The Pittsburgh Steelers appear to have found a franchise running back in Najee Harris. But if they aren’t careful with his workload, they could be looking for a replacement sooner than later.
On Sunday, Harris revealed that he’s been nursing a sprained Lisfranc for nearly a month, according to Joe Rutter of the Pittsburgh Tribune-Review.
The second-year back said he suffered the injury during first padded practice of the offseason on Aug. 1 and that it takes 4-6 weeks to heal.
NFL insider Ian Rapoport provided more details regarding the injury and provided an update on Harris' health:
Ian Rapoport @RapSheet
From NFL Now: <a href="https://twitter.com/hashtag/Steelers?src=hash&ref_src=twsrc%5Etfw">#Steelers</a> RB Najee Harris should be fine for the regular season after dealing with a Lisfranc sprain early on in preseason. <a href="https://t.co/Nv2kBfI0C0">pic.twitter.com/Nv2kBfI0C0</a>
While Harris could be back to 100 percent in time for the season opener against the division rival Cincinnati Bengals on September 11, the Steelers should take this experience as a lesson and exercise caution when it comes to managing their star’s touches.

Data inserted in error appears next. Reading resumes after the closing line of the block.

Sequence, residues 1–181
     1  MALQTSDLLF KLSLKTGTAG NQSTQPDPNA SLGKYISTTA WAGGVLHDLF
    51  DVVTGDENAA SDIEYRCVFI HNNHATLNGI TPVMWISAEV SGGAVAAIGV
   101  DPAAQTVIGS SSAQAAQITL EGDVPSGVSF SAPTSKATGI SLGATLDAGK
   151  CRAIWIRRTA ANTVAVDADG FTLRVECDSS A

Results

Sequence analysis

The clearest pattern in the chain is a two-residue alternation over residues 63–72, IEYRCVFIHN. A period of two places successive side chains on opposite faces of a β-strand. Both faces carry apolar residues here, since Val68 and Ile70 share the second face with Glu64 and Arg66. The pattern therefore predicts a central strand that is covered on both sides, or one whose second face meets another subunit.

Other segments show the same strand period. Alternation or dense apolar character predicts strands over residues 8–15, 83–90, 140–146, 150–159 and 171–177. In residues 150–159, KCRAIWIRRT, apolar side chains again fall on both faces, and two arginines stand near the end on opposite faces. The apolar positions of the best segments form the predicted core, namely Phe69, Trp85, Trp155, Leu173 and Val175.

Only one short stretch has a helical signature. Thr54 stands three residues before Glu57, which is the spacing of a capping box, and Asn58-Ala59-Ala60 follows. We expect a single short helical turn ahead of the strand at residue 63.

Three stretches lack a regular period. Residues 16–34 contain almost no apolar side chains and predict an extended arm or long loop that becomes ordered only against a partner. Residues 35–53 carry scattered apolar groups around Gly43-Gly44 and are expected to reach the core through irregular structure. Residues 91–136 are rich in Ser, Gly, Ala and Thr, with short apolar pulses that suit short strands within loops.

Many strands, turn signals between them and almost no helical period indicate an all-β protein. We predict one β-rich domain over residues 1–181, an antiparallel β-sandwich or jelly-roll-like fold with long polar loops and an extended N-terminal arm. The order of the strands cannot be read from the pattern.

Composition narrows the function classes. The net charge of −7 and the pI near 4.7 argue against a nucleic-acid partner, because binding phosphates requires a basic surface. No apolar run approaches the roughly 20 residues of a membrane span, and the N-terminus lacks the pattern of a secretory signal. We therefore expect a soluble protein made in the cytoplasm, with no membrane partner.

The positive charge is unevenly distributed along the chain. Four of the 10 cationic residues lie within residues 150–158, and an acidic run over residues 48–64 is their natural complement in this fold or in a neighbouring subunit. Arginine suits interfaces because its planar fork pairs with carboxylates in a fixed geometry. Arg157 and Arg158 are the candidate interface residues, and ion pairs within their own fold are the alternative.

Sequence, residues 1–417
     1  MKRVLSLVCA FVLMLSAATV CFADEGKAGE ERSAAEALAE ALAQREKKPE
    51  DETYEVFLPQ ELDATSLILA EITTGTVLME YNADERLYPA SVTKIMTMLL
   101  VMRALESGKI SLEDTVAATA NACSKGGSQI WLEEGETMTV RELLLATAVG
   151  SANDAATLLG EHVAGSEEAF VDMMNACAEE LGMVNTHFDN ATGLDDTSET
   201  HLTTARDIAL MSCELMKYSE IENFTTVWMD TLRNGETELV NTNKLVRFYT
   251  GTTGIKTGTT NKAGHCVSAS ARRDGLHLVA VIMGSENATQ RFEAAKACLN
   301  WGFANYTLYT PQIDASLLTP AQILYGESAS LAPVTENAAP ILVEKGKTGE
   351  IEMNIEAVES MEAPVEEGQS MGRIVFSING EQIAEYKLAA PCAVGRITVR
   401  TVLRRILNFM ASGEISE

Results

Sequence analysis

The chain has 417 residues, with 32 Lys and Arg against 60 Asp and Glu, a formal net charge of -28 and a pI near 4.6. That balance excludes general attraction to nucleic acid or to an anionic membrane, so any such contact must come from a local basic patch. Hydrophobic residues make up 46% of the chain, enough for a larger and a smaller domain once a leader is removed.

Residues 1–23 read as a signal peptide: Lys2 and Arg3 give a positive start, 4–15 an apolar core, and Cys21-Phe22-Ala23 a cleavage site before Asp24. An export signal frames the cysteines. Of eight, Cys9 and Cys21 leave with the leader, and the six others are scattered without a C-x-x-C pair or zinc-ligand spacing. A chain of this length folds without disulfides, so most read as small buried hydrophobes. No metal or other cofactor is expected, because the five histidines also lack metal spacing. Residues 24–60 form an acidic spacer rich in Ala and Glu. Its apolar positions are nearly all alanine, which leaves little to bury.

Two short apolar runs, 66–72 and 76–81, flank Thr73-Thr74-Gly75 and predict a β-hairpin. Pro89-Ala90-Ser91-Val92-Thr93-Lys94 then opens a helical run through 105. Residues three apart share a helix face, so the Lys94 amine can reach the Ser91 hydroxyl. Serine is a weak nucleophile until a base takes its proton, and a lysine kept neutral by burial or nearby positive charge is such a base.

The Steelers lightly utilized the 24-year-old this preseason due to the foot injury. Harris didn’t make his exhibition debut until Sunday evening, rushing four times for 10 yards and catching three passes for 11 yards against the Detroit Lions. Only one of those four carries went for positive yardage.
“I’m just now getting over it," Harris told reporters afterward. "It was getting back in my motions. I was rusty today. It wasn’t a good performance and nothing I should be proud of, either. I need to get better.”
The Steelers need Harris to improve upon that showing. He was the focal point of their offense during a sensational rookie season last year, proving to be a force on the ground and in the passing game.
Harris amassed 1,200 yards and seven touchdowns on 307 carries and hauled in 74 of his 94 targets for 467 yards and three scores. That added up to a league-high 381 regular-season touches, making him the first rookie to lead the NFL in that category since LaDainian Tomlinson in 2001.